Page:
Author + information
- Received January 2, 2018
- Revision received April 11, 2018
- Accepted April 19, 2018
- Published online June 18, 2018.
- Riccardo Gorla, MD, PhDa,b,
- Francesco Dentali, MDa,
- Matteo Crippa, MDa,
- Jacopo Marazzato, MDa,
- Matteo Nicola Dario Di Minno, MDc,
- Anna Maria Grandi, MDa and
- Roberto De Ponti, MDa,∗ ()
- aDepartment of Medicine and Surgery, University of Insubria, Varese, Italy
- bDepartment of Clinical and Interventional Cardiology, IRCCS Policlinico San Donato, Milan, Italy
- cDepartment of Translational Medical Sciences, Federico II University, Napoli, Italy
- ↵∗Address for correspondence:
Dr. Roberto De Ponti, Department of Medicine and Surgery, University of Insubria, Viale Borri, 57, 21100 Varese, Italy.
Objectives The purpose of this study was to evaluate the safety and efficacy of uninterrupted and interrupted direct oral anticoagulant (DOAC) administration in patients undergoing pulmonary vein isolation (PVI).
Background The optimal periprocedural management of DOACs in patients undergoing PVI is not well defined, and different strategies are used.
Methods A systematic search of PubMed/MEDLINE, Ovid/MEDLINE, and EMBASE was performed. Three strategies for periprocedural DOAC administration were considered: uninterrupted, mildly interrupted (<12 h), and interrupted (≥12 h). Primary endpoints were major bleeding (MB) and thromboembolic (TE) complications; pooled weighted mean incidence (WMI) was calculated using a random-effects model. A secondary endpoint was the WMI of overall bleeding (OB).
Results The analysis included 43 studies for a total of 8,362 patients. DOACs showed similar safety and efficacy in the 3 subgroups. The WMI of MB was 1.02%, 1.49%, and 1.17% for the uninterrupted, mildly interrupted, and interrupted strategy, respectively; the WMI of TE complications was 0.16%, 0.46%, and 0.49% for the uninterrupted, mildly interrupted, and interrupted strategy, respectively, with no heterogeneity. OB appeared to be higher in uninterrupted (6.33%) and mildly interrupted (8.62%) groups compared with the interrupted (3.53%), with substantial heterogeneity among studies. No interaction was found between the incidence of MB and TE complications and different DOACs.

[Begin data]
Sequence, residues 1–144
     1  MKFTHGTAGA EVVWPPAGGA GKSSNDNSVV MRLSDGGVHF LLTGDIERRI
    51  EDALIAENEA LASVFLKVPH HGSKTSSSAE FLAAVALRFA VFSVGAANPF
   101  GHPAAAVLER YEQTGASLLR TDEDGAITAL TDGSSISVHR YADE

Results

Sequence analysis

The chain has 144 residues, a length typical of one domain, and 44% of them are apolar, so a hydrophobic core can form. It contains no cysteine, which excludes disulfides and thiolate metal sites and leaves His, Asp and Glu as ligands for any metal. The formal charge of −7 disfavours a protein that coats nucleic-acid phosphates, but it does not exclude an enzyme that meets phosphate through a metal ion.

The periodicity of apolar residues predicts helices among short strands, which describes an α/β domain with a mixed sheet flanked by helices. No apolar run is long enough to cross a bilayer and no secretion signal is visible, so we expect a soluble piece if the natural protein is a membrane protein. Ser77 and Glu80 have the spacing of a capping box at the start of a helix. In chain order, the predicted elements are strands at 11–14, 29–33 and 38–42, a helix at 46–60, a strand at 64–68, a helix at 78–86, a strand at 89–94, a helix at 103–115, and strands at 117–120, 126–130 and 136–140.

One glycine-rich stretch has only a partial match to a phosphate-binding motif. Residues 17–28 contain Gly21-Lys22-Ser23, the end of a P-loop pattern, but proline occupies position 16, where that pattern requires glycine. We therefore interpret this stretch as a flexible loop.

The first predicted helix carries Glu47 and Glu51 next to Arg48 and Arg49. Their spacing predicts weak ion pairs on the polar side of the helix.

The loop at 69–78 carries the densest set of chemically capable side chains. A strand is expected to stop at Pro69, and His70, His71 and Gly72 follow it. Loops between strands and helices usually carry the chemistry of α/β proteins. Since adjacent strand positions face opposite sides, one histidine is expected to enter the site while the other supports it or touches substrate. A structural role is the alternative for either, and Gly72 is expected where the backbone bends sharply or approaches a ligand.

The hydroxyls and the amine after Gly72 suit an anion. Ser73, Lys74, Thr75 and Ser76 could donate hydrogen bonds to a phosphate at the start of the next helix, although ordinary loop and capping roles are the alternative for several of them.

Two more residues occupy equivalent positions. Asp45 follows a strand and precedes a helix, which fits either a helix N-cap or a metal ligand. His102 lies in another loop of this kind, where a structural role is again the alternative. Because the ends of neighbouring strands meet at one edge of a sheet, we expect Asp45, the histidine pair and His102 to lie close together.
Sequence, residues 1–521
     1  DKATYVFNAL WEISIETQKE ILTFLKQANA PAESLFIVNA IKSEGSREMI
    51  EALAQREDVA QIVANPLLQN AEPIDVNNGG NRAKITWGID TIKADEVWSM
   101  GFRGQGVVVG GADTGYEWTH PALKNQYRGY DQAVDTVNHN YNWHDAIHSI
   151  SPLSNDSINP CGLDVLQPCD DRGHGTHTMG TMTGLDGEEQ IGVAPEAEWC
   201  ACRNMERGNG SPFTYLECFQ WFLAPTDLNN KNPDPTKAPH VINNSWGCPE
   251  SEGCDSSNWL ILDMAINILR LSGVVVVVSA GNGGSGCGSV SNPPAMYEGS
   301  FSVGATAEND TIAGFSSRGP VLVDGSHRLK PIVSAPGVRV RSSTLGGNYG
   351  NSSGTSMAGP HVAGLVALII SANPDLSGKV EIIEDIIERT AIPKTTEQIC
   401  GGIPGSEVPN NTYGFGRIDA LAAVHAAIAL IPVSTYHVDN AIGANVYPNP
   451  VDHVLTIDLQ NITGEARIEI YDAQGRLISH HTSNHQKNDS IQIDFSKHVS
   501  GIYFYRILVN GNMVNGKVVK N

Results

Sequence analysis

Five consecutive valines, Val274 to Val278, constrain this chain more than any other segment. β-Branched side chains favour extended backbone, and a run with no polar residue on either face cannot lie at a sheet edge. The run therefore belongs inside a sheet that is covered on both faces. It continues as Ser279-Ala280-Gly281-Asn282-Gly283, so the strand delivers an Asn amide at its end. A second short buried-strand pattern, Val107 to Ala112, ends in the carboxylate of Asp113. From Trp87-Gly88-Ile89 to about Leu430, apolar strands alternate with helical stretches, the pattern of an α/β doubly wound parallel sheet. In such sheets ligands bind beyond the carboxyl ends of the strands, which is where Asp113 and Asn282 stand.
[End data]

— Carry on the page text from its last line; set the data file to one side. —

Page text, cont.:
Conclusions In patients undergoing PVI, these 3 anticoagulation strategies may have similar safety and efficacy in terms of MB and TE complications. OB appears to be higher in uninterrupted and mildly interrupted strategies compared with the interrupted strategy. No substantial differences were observed among DOACs regarding the incidence of MB and TE complications.
Dr. Dentali has received a grant and honoraria from Boehringer Ingelheim, Bayer, Pfizer, and Daiichi-Sankyo. Dr. Di Minno has received grants and honoraria from Bayer, Pfizer, Novo Nordisk, and Boehringer Ingelheim. Dr. De Ponti has received significant honoraria from Biosense Webster; has received honoraria for lectures from Biosense Webster and Biotronik; and has received educational grants from Medtronic, Biosense Webster, Abbott, Boston Scientific, and Biotronik. All other authors have reported that they have no relationships relevant to the contents of this paper to disclose.
All authors attest they are in compliance with human studies committees and animal welfare regulations of the authors’ institutions and Food and Drug Administration guidelines, including patient consent where appropriate. For more information, visit the JACC: Clinical Electrophysiology author instructions page.
- Received January 2, 2018.
- Revision received April 11, 2018.
- Accepted April 19, 2018.
- 2018 American College of Cardiology Foundation
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